I know what I need and what I want. One way or another….

Penis Talk Revisited

School

You may recall that my post His Penis Is In The Wrong Place in which I explained my daughter’s concern about the Noggin moose and his non-existent penis. It is a short post so if you haven’t read it go take a look. We’ll wait for you.

C’mon, hurry up. The rest of the group is waiting. Geez, Shmata Queen do you always have to read everything twice. Wait, I’ll answer that. Yes!

Anyway, this past Chanukah my lovely girl received both Barbie and Ken dolls, not to mention Barbie’s hot pink car. That leads me to my second off tangent comment. Every time I see that thing it reminds me of Angeleyne. If you don’t know who she is you never set foot in LA in the 80’s.

Now back to our story. This past weekend my lovely girl comes to me and we have the following conversation:

Daughter: “Father, I have need of your assistance.”
Jack: “Daughter, how might I help thee? Dost thou need some new shiny raiments to adorn thy body. It is not as if thy mother, grandmother and aunts have failed to keep thee supplied with more attire than can fit in Rapunzel’s castle.”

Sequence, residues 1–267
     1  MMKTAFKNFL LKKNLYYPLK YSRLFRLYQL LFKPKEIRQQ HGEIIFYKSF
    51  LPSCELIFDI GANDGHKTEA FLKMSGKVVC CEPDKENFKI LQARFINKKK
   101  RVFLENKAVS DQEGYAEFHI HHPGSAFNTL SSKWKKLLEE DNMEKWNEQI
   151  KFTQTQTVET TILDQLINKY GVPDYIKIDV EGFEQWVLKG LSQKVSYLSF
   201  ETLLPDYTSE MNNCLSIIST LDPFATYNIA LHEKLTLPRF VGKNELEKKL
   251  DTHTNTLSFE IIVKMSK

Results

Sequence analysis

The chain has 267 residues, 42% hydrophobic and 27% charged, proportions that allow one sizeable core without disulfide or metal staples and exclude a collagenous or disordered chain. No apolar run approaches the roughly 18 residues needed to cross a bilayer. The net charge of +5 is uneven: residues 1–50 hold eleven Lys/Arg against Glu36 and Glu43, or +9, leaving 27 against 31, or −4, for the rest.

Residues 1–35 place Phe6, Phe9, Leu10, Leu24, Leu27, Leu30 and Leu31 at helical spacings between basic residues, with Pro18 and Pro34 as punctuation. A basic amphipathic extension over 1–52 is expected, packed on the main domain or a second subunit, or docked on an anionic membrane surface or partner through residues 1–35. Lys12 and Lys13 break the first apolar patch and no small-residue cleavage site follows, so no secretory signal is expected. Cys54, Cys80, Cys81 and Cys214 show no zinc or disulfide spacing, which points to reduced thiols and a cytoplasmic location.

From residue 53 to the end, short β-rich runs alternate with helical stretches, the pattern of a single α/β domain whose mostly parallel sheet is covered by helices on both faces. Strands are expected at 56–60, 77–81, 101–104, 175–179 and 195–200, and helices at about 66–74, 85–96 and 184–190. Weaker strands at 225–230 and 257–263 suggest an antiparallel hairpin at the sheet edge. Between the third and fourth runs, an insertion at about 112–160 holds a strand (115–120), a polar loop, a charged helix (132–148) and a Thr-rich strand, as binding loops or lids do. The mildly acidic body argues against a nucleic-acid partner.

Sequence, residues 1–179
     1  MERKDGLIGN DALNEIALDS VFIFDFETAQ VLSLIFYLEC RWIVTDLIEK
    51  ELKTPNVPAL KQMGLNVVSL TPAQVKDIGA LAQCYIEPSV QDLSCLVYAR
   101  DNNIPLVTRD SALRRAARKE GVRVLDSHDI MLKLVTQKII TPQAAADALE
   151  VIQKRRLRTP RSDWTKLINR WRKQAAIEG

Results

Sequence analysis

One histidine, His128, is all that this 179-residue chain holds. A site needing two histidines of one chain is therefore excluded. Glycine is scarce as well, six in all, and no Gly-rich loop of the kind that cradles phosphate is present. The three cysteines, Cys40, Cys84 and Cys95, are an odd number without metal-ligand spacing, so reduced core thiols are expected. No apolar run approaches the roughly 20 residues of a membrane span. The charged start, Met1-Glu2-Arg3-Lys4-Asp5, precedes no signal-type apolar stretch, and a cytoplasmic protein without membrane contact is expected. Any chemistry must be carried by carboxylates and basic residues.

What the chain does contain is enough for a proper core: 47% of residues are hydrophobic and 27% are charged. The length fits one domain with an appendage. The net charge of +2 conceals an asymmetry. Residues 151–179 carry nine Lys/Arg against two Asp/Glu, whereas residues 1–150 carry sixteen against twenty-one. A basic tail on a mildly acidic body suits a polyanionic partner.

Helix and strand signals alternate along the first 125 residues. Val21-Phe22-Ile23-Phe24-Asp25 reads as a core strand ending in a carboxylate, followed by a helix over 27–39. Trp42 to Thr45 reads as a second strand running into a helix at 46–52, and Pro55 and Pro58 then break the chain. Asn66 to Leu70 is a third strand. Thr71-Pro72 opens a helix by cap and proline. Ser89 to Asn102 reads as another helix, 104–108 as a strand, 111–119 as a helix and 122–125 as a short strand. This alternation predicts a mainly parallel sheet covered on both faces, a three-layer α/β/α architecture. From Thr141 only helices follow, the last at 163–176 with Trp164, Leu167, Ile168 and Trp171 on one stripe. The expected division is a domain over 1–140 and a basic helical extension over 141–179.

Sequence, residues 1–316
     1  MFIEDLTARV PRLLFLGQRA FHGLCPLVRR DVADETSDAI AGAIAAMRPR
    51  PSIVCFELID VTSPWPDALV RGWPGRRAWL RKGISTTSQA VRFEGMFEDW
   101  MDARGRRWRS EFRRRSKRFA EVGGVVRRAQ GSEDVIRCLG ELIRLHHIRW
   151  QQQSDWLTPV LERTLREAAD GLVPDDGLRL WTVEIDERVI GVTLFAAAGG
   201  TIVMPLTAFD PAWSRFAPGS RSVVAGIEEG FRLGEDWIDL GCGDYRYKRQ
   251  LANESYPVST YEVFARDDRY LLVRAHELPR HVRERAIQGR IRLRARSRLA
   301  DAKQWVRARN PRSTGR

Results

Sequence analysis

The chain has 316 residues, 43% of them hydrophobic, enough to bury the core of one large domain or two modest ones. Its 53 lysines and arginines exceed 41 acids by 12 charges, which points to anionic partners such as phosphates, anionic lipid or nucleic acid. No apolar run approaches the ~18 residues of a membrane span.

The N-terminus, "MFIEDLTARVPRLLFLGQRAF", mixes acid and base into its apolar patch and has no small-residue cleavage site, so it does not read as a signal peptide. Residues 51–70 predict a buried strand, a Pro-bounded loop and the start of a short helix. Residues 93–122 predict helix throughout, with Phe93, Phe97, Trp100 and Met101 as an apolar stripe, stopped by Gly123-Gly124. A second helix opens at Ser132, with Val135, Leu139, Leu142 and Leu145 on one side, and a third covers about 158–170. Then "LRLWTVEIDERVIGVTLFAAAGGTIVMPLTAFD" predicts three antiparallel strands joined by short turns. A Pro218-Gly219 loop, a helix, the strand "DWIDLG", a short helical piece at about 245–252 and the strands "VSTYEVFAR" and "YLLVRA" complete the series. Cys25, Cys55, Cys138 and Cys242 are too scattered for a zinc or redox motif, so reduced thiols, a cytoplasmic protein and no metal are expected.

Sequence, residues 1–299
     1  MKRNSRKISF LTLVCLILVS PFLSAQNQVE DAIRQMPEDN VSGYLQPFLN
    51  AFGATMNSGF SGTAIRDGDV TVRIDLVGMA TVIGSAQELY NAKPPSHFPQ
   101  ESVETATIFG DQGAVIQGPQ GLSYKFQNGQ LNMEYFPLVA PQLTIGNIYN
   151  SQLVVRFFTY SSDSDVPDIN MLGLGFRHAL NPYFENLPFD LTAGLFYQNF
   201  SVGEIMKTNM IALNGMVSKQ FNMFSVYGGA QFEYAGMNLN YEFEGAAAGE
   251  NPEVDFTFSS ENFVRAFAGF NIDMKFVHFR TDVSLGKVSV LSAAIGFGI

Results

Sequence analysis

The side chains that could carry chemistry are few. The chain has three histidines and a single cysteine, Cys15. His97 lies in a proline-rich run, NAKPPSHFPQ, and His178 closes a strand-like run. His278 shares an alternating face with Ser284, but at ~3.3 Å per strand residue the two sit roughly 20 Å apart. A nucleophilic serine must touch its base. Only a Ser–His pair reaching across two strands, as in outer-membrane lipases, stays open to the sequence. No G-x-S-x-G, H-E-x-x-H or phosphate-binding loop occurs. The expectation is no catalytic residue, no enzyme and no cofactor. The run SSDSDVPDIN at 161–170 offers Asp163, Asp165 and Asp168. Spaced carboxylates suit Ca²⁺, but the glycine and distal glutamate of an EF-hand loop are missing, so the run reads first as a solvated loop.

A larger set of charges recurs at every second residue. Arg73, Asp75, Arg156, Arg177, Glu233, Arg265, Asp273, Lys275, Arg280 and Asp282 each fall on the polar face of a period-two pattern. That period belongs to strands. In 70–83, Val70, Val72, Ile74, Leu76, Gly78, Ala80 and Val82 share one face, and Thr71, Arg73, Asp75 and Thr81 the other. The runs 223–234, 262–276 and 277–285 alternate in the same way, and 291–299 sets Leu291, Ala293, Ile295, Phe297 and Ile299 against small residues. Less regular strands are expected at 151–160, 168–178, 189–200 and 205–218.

Ok, that is far too goofy. Essentially she looked at me and asked what happened to Ken’s penis. In many cases I would have turned the tables and asked her what she thought happened. In fact I really wanted to ask her what she thought. It probably would have made great blog fodder.

Instead I explained that Ken didn’t have a penis. That wasn’t good enough for her. She wanted to know why not. Did someone steal his penis.

Because I have a juvenile sense of humor the thought of a stolen penis cracked me up. I imagined something like this being broadcast over the police band radio: “1-Adam 12, 1-Adam 12. Be on the lookout for a stolen penis. Said genitals were taken….”you get the point.